McGill Alert / Alerte de McGill

Updated: Mon, 07/15/2024 - 16:07

Gradual reopening continues on downtown campus. See Campus Public Safety website for details.

La réouverture graduelle du campus du centre-ville se poursuit. Complément d'information : Direction de la protection et de la prévention.

Subscribe to the OSS Weekly Newsletter!

Convergence: How Climate Change Brought Two Women Artists Together

Artists find a lot in common when addressing sea-level rise and the loss of ice associated with climate change.

Kathy Jetnil-Kijiner, 30, is a native of the Marshall Islands in the western Pacific Ocean. This country of ~53,000 people is spread out over 1,159 islands with most of the population on 29 coral atolls. As a poet, Kathy writes about sea-level rise, and the damage to homes, businesses and their way of life. Most of the islands are only a few feet above sea level. With very little total land area it has a significant population density per square mile.

By contrast, we have the island of Greenland. This island is the largest non-continental island in the world. It is huge! It also has a similar population to that of the Marshall Islands; about 56,000. Height above sea level is not a problem for Greenland with its highest point some 12,000 feet above sea level. In the 1990’s scientists drilled through almost 2 miles of ice in central Greenland and obtained ice cores that have given us climate history going back over 100,000 years.

Here we now have another poet and climate activist, a 23-year-old Greenlander named Aka Niviana. As the ice thaws and melts, Aka senses that her traditional way of life is disappearing. As the ice melt pours into the ocean from the island glaciers and raises sea levels, the impact on Kathy’s way of life in the Marshall Islands is also disappearing.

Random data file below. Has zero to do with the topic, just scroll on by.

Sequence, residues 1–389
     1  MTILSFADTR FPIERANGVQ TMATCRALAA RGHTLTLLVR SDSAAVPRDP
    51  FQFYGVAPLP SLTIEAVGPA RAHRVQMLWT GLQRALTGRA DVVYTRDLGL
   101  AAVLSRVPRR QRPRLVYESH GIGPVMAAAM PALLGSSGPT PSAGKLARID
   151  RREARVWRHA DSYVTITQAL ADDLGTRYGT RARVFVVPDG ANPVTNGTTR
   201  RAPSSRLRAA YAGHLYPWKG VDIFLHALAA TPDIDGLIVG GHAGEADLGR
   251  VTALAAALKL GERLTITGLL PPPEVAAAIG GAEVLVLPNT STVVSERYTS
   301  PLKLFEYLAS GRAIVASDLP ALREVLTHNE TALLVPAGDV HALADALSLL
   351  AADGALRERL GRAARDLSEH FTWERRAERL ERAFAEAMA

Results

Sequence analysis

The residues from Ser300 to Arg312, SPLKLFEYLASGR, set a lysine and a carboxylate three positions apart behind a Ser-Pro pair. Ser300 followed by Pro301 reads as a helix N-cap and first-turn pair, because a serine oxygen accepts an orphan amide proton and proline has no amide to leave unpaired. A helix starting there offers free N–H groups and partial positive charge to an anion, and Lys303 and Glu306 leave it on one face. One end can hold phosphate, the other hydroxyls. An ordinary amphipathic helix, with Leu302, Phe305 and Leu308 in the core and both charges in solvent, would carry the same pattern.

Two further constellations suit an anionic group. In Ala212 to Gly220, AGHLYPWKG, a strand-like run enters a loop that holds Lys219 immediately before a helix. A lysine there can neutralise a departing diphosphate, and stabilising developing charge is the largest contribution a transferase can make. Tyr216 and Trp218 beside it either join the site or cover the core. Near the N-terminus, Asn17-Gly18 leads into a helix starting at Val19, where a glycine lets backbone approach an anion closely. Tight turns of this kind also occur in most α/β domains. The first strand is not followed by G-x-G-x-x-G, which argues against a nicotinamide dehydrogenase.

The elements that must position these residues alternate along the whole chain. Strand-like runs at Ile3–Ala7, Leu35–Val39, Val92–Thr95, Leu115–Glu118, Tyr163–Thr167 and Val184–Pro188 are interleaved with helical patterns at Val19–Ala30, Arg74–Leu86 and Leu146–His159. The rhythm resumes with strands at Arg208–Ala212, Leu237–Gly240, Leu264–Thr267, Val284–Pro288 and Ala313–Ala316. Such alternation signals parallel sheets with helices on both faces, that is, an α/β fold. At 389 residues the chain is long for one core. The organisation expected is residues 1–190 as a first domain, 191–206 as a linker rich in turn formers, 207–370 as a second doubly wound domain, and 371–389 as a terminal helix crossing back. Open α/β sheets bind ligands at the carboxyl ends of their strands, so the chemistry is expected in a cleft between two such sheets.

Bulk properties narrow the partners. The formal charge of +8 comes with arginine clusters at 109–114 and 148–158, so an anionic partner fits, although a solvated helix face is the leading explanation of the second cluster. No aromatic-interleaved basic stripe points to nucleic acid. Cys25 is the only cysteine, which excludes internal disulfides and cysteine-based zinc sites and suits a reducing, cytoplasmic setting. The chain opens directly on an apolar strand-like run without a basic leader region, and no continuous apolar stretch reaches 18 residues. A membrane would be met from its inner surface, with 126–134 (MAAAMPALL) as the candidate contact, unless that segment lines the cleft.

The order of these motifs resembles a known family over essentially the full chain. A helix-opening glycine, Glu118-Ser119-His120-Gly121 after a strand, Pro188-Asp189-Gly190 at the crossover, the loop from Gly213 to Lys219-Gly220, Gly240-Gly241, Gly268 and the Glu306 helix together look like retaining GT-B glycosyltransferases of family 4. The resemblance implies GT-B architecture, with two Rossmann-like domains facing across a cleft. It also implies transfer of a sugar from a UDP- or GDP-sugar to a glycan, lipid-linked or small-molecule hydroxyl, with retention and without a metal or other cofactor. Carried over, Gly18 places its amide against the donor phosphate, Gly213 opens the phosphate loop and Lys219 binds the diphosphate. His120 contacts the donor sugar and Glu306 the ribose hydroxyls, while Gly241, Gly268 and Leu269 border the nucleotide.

Photo of Kathy [left] and Aka [right] viewing a retreating glacier. Photo Source

The relentless rise of the oceans over the past 25 years is clear and shows no sign of slowing up. Indeed the rate of rising in millimetres per year is increasing. This satellite data were preceded by tidal gauge data going back another 100 years, and while more variable, showed a similar but slower upward trend.

Image source

Thus, we have this climate link, this connection, between these two poets a half-world apart.

In his inimitable style and articulate fashion, Bill McKibben writes in The Guardian in September 2018 about this meeting between east and west, high elevation and low. Mr. McKibben wrote the first book on Climate Change in 1989, “The End of Nature,” and also co-founded 350.org.

Photo of Bill McKibben and the two poets [Kathy- left; Aka- right], in Greenland. Source

The intent is obvious. Get two thoughtful people together, representing two diverse cultures, which are experiencing firsthand, ice melt and sea-level rise caused by climate change, to collaborate on a poem together would make a powerful statement. And they did just that. The excerpt below is from that poem, “Rise.” The whole poem, and a six-minute video of the two women narrating it, can be found here.

Excerpts from Rise by Kathy Jetnil-Kijiner and Aka Niviana:

"Sister of ocean and sand,Can you see our glaciers groaning
with the weight of the world’s heat?
I wait for you, here,
on the land of my ancestors
 heart heavy with a thirst
for solutions
as I watch this land
change
while the World remains silent."

"we demand that the world see beyond
SUV’s, ac’s, their pre-packaged convenience
their oil-slicked dreams, beyond the belief
that tomorrow will never happen, that this
is merely an inconvenient truth."

"that life in all forms demands
the same respect we all give to money
that these issues affect each and everyone of us
None of us is immune
And that each and everyone of us has to decide
if we
will
rise"

This melting of ice and resulting mass loss in Greenland is not confined there. Data from the World Glacier Monitoring Service indicates that 2018 will be the 30th consecutive year of significant ice loss for 25 reference glaciers in 13 countries around the world. Only one glacier had a positive mass balance meaning that more snow/ice accumulated than melted.

Jill Pelto, a talented young artist [see her website], illustrates this glacial melt and ice loss over time, in the painting shown below.

Image source


The scientific career of Raymond N. Johnson Ph.D., spanned 30 years in research and development as an organic/analytical chemist; he is currently founder and director of the Institute of Climate Studies USA [www.icsusa.org].

Leave a comment!

Back to top